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Family is the most important ingredient

For this week’s Midweek Mugging, we feature husband and wife team Wali Noori and Freshta Neda at Helmand Kabob House
2017 11 08 GT -  Helmand Kabob House – TB 01
Freshta Neda and Wali Noori owners of Helmand Kabob House on Woodlawn Road. Troy Bridgeman for

Family is very important to restaurant owners Wali Noori and Freshta Neda. In fact, it may be the most important ingredient on their menu.

“Every successful man has somebody behind them,” said Noori. “I have been fortunate to have my wife, my kids and my family as well as support from the town.”

Noori opened Helmand Kabob House in 2013 in honour of his father Abdul Noori who died that same year. His father was a prominent and outspoken journalist in Afghanistan and the family was forced to flee the country in 1990 when extremists threatened his life. They lived for two years in Newfoundland before moving to Guelph.

Neda like her husband was born in Kabul, Afghanistan. When she was a teenager she and her family moved to Islamabad, Pakistan where she trained and worked as a hairstylist.

Neda and Noori were married in a double wedding along with her sister and his brother in 2005.

“It was marriage that brought me here,” said Neda. “I have eight sisters. He sponsored my whole family to come to Canada.”

Noori’s decision to sponsor Neda’s family was driven by family loyalties.

“My father-in-law passed away from cancer a year after our marriage,” he said. “My brother and I promised the family we would do everything we could and now my sisters-in-law are working hard to build their lives. It is a success story.”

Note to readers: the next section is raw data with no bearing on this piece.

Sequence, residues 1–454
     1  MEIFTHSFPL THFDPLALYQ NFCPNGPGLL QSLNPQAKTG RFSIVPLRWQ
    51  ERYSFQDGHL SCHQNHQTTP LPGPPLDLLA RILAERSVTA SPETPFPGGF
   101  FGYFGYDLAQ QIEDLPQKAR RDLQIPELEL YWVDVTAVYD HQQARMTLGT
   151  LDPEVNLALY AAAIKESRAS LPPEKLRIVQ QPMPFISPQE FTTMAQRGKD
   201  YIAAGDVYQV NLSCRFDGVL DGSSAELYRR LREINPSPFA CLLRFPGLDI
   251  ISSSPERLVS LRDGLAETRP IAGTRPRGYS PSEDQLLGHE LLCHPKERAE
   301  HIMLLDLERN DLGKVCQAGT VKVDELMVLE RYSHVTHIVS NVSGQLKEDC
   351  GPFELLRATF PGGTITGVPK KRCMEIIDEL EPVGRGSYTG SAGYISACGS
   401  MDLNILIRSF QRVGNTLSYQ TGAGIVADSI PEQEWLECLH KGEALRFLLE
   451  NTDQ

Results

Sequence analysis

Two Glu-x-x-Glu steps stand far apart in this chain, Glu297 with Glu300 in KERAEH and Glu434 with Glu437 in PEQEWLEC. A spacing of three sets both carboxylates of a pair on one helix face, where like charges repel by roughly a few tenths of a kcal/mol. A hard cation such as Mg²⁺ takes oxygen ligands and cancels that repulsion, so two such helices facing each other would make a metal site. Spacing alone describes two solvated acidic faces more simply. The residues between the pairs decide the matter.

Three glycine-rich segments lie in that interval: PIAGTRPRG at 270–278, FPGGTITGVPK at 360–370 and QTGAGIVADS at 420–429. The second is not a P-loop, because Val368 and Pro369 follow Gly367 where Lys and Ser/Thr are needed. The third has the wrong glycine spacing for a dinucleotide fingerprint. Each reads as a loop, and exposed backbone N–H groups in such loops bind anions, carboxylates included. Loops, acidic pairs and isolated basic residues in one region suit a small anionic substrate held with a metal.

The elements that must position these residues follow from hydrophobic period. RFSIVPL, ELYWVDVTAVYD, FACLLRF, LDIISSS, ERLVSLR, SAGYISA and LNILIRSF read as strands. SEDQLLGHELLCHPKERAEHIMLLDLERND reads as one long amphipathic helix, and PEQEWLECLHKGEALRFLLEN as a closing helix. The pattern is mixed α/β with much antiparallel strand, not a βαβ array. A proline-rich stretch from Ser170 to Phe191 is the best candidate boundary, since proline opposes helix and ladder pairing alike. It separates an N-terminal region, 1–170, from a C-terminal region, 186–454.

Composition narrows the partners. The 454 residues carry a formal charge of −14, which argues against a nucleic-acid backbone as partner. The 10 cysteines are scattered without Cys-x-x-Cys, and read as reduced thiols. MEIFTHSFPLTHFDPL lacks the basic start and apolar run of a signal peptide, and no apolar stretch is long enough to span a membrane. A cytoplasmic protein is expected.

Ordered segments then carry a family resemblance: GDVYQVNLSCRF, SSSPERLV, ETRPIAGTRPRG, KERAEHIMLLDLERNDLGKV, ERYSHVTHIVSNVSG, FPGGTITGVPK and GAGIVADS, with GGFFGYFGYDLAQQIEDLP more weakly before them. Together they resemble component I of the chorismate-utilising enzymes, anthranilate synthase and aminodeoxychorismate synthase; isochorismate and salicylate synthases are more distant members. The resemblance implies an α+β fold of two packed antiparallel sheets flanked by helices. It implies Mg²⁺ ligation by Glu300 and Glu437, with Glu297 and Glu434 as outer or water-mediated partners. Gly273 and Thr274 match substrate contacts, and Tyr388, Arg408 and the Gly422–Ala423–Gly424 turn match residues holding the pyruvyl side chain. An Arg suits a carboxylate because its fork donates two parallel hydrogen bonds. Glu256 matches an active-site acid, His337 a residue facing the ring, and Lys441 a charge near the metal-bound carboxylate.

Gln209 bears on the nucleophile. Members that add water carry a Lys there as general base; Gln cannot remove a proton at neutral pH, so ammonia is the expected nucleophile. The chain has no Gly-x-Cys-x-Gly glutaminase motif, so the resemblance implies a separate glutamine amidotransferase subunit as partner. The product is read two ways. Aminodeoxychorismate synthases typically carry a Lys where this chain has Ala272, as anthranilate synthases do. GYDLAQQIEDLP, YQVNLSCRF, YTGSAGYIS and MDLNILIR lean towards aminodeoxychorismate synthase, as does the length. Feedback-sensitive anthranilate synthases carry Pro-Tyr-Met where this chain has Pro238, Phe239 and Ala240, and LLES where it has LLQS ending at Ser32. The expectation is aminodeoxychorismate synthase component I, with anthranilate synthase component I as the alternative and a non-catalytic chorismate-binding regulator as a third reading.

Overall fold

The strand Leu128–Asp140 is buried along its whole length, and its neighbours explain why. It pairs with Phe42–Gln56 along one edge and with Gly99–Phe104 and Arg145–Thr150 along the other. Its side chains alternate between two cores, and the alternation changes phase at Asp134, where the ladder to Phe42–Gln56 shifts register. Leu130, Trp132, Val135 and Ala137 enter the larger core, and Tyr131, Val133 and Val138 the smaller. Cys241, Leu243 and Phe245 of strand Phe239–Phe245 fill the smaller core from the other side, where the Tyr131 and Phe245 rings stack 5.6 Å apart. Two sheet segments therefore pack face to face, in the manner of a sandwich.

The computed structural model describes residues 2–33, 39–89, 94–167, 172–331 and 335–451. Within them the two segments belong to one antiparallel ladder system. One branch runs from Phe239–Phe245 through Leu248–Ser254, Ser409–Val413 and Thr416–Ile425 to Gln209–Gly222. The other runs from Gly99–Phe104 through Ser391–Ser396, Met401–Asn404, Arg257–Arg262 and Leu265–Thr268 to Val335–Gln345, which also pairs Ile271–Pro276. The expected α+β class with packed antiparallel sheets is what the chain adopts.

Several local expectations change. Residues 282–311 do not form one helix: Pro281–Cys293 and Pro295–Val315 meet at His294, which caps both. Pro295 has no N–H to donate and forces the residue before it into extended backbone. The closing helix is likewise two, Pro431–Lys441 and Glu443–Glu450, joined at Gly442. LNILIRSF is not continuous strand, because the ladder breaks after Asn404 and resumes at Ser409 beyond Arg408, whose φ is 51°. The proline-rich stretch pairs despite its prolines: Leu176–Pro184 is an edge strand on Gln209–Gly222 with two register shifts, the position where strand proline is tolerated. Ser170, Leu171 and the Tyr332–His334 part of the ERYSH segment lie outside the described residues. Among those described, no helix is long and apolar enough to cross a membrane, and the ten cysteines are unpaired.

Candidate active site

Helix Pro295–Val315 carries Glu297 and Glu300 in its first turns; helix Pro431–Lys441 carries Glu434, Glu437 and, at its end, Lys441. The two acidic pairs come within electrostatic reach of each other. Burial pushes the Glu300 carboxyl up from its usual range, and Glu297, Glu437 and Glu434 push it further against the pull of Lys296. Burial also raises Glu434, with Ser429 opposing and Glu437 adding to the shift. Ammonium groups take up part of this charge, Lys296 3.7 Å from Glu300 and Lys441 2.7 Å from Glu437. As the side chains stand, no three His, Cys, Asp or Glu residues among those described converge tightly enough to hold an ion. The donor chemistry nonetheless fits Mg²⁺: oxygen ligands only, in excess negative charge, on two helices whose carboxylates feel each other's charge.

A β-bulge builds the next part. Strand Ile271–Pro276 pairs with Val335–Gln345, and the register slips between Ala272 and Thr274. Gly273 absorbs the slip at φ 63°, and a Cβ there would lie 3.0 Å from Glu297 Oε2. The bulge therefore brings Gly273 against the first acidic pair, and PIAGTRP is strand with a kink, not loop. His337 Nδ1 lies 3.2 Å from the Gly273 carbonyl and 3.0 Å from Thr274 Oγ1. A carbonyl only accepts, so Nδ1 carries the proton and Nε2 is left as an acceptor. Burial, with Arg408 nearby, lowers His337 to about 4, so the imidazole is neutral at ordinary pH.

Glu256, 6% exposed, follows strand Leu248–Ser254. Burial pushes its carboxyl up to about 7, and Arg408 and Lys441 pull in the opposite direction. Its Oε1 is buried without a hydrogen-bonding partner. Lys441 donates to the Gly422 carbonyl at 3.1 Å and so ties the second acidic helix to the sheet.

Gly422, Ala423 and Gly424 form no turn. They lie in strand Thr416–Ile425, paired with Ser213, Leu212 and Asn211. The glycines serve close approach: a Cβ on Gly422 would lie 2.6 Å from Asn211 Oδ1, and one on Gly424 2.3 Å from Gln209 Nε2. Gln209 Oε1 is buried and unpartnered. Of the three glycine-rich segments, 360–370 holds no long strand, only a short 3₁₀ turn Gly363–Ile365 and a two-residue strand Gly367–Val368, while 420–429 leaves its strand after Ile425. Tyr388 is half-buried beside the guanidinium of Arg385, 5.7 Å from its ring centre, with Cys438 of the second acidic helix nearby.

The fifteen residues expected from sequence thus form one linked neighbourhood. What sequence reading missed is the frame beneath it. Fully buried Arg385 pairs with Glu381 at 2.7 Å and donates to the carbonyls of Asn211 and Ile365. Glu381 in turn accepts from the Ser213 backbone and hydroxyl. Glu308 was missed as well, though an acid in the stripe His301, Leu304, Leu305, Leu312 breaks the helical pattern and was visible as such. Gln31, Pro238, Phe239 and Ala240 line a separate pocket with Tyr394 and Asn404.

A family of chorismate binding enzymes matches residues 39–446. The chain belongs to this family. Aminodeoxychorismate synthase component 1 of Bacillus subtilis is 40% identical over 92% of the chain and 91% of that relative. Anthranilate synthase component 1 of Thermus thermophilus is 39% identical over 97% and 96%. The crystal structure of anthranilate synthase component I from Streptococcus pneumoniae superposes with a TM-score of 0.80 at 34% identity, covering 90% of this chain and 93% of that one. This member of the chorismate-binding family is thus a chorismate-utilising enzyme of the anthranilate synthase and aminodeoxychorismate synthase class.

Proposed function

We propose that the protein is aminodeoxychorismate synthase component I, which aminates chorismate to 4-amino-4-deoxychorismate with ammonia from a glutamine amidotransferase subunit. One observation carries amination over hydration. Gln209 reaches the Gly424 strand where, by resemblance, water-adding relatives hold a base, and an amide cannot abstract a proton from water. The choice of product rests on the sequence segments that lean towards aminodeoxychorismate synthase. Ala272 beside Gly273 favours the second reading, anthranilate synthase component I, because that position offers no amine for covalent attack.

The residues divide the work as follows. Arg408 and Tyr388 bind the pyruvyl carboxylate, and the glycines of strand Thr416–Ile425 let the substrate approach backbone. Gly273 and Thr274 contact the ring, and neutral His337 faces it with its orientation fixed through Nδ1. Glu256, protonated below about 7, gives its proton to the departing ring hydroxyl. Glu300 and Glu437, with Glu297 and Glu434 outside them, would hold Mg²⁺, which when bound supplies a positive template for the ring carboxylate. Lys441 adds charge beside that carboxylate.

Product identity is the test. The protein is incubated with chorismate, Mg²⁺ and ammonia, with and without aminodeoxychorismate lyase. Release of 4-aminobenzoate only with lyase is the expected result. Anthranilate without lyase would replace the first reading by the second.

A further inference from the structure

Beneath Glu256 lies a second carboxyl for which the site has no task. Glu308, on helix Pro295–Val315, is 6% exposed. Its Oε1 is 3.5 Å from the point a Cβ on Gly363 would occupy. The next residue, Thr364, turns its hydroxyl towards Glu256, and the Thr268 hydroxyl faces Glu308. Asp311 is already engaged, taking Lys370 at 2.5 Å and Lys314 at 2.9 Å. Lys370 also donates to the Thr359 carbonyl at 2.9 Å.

Noori encouraged Neda to pursue her career as a hairstylist by helping her set up two separate salons here; Bravo on Bagot Street and Paris Salon on Victoria Road. She ran the businesses part time for two years but decided to close until her children are older and she gets the required licenses and certification to operate independently.

“I have to study for that,” said Neda. “I like it but I don’t want to work for someone else.”

Her time, these days, is split between their three children Soffia, Sammer and Summer and the restaurant.

“This business succeeds because of her,” said Noori. “I don’t think I could do it without her. She comes up with a lot of the good ideas and most of the time I get the credit.”

Their restaurant at the corner of Woodlawn and Victoria Roads specializes in authentic Afghan food but they serve a wide assortment of dishes from around the world.

All of their food is prepared Halal with no pork making it especially popular for people with religious and cultural dietary restrictions seeking western-style dishes such as Halal pizza.

“This year alone we have tripled our sales,“ said Noori. “We have offers to sell the business at least once a month. They either ask to franchise it or just sell the whole business but I don’t see a reason to sell.”

Their growing popularity has convinced them to open a second location in Ajax operated by Noori’s sister and her husband but they have no plans to franchise.

“No, it is an independent, family-owned business,” said Noori. “When you franchise it then anybody can own it and that is when you lose your value.”

The family recipe is working too well to mess with the ingredients

“When we took on this business I believed in myself and I believed in her and this is where we ended up,” said Noori. “If it’s not broken, why fix it?”